300 Valentine Street

Hackettstown, NJ 07840

Phone: 908.852.7677

Fax: 908.852.6884

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    As most home lenders are well aware, there are large companies in the U.S. that gather property data from local tax assessors and county recorders.

    SMR has alliances with these firms. But we do much more than merely pass along the same data to others. We fix data problems along the way.

Missing Interest Rates

    A large majority of county recorder loan documents omit the interest rate on a loan. So, if all you do is obtain these data in raw form, you usually will have no idea what the rate is on an existing home owner’s mortgage.

    But if you produce mortgage refinances, you need to know the existing interest rate. The only borrowers well-served by refinancing are those who could save money.

    SMR uses six methods to estimate the interest rate on a loan when the actual rate is unavailable. Our estimates are good ones, and that’s what makes it possible for SMR to create likelihood-to-refinance scores (see Current SMR Models).

    In SMR’s version of a national property database, every mortgage loan comes with an interest rate – actual or well-estimated.

Loan Histories

    If you had to forecast which consumers were likely to buy soft drinks at the grocery store this week, it would help to know who’s bought them regularly in the past.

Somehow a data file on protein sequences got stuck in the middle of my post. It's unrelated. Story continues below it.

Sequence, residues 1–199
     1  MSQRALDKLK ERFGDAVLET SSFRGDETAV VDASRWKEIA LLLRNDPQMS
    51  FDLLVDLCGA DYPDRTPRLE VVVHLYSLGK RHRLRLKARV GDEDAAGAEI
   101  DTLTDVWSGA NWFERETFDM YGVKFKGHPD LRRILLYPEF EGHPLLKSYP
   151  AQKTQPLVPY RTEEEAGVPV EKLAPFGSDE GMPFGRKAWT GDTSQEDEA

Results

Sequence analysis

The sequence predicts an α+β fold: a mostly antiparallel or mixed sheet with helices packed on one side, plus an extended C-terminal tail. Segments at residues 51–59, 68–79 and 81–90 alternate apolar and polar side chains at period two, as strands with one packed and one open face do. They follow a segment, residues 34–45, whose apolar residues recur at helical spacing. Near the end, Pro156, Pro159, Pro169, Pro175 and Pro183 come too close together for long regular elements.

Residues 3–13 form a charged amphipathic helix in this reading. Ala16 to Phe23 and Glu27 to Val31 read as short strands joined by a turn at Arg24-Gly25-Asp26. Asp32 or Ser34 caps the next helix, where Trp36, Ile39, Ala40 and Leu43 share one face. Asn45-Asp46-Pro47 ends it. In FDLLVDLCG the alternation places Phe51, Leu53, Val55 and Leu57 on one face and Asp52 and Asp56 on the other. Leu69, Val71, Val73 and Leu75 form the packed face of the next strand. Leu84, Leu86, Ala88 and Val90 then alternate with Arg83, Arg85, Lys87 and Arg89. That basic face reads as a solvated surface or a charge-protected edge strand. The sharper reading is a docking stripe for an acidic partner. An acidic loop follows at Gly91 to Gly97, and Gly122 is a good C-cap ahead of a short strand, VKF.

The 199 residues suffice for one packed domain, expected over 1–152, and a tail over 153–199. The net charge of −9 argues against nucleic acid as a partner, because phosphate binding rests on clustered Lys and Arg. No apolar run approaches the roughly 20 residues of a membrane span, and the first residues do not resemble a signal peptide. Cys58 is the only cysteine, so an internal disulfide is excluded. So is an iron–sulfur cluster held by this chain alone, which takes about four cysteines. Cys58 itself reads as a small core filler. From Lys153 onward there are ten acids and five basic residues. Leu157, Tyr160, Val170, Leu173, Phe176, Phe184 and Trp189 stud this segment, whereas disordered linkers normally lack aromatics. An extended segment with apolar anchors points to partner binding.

The same principal applies to home loans. SMR’s version of property data includes loan histories on home owners, including counts of how many times someone has refinanced or obtained home equity loans since the date they bought their home.

    Loan histories are predictive of future behavior. It’s why we maintain them.

Parent Lenders

    On one loan document, the lender name may be: Bank of America National Association. On another, it may be BankAmerica. To a computer, these look like different companies.

    Now, multiply that complexity: We have counted more than 600 versions of loans produced by Wells Fargo, including many where the company name is a subsidiary that doesn’t even include the word “Wells.”

    What if you wanted to use county recorder loan data to determine where you stand against competitors, nationally or in any market?

    SMR uniquely has assigned parent company names and codes to all loan records, enabling data to be aggregated by lender. When acquisitions occur, we re-assign the parent lender name to the acquirer.

    This process makes raw data useful for analytical purposes. Without it, you just don’t know who made what loan.

Missing Square Footage

    Local tax assessors often report the square footage of a home or commercial building. But more than 40% of the time, they don’t.

    This omission is especially vexing on commercial properties, since they may range from 1,000-square-foot stores to 500,000-square-foot warehouses. If you don’t know the size, you don’t know the property.

    SMR has created a square footage estimation model, currently applied to commercial properties. The model is based on the building’s market value, adjusted by use (hospitals are more valuable per square foot than warehouses) and other variables.